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I am studying about basic of motors and i came across two terms

Is there any difference between two terms servos and servo motors? or they both exactly same??

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In common usage, the term “servo” is an abbreviation of “servo motor”, particularly when referring to the low-cost lightweight servo motors originally used in radio control models ("RC servos"), which have de-facto-standard control signals and sizes.

More formally, “servo” is an abbreviation of “servomechanism”, which is a control system that uses negative feedback to steer the system to the target accurately. A servomechanism involving a motor does not necessarily seek a target position; for example a cruise control or governor controls speed. Servomechanisms can also control non-mechanical states.


A servo motor is not a distinct type of motor in the way “induction”, “brushless” and such are; you can turn any motor into a servo motor by adding a sensor to detect its position or speed, and connecting this combination to a controller. The controller may or may not be considered part of the "servo motor" itself; in particular, in industrial controls the controller is likely to be a separate unit.


In most cases, if you see the word “servo” and you're not reading about control systems, it will be referring to a servo motor, but it may occasionally refer to a different control system; use context to determine whether it makes sense that there's a motor involved.

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    \$\begingroup\$ I have seen steam-powered servos in the engine room of a steam riverboat on the Mississippi river. The actuator was of course, a steam piston and cylinder arrangement, and the negative feedback was provided by a mechanical linkage operating a valve. \$\endgroup\$ – Solomon Slow Aug 29 at 13:58
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    \$\begingroup\$ 'Servo' normally means servomechanism; if a motor is part of a servomechanism it would be called a servo motor \$\endgroup\$ – Chu Aug 29 at 15:57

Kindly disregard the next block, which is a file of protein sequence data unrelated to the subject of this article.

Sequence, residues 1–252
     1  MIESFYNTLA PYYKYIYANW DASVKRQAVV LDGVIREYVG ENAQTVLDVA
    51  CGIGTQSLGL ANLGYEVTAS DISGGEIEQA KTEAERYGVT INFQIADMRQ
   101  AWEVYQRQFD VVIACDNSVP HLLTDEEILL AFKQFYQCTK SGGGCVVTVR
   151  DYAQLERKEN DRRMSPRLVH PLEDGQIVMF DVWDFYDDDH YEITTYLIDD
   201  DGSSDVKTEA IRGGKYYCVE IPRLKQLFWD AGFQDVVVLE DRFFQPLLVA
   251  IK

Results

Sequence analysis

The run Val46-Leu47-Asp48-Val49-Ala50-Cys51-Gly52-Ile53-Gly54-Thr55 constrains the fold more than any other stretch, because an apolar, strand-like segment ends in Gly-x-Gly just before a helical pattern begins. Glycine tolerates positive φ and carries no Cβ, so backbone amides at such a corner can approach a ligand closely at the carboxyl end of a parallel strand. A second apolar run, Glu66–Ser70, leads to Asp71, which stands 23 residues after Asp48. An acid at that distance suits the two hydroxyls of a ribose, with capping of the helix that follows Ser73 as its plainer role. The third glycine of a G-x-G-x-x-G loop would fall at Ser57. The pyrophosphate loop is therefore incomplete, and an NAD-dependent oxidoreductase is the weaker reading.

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    \$\begingroup\$ Except that if you buy a "servo motor" from a hobby robotics place you get a RC servo, which is a motor, geartrain, and amplifier. If you buy a "servo motor" from an industrial supply house, you get just a motor that happens to be optimized for servo applications. They're very different things, with, unfortunately, the same name. \$\endgroup\$ – TimWescott Aug 29 at 16:14
  • \$\begingroup\$ @TimWescott Thanks, I've tried to incorporate that information. \$\endgroup\$ – Kevin Reid Aug 29 at 16:27
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The terms are often used interchangeably, but servo motors are a subset of servos. Any control system that has an actuator and a feedback sensor designed to implement closed loop control is a servo. A servo could control rotational positional, linear positional, thermal, chemical ph, pressure, optical brightness or color, etc.

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In the radio control world and in industry, "servo" means "servomechanism", means some gizmo that gets commands and drives the output to a commanded position. In the radio control world since about the mid 1970's, the command has been a pulse whose width varies between 1ms and 2ms, and that occurs at a rate of 50-60Hz.

In the hobby robotics world, "servo motor" means an RC servo.

In industry about 20 years ago, "servo motor" meant just a motor which was optimized for use in a servomechanism -- meaning that low friction, low cogging torque, and general good behavior was more important than a super high power to weight (or power to size) ratio. It is, most emphatically, a different thing than a "servo motor" than you'd by from Bob's Hobby Robot Factory.

More recently in industry, there are "smart servo motors", or more properly "servo motor with integrated drive" which get power and a speed (not position) command, and that command is not in the form of a 1 to 2 millisecond pulse that repeats at 50Hz.

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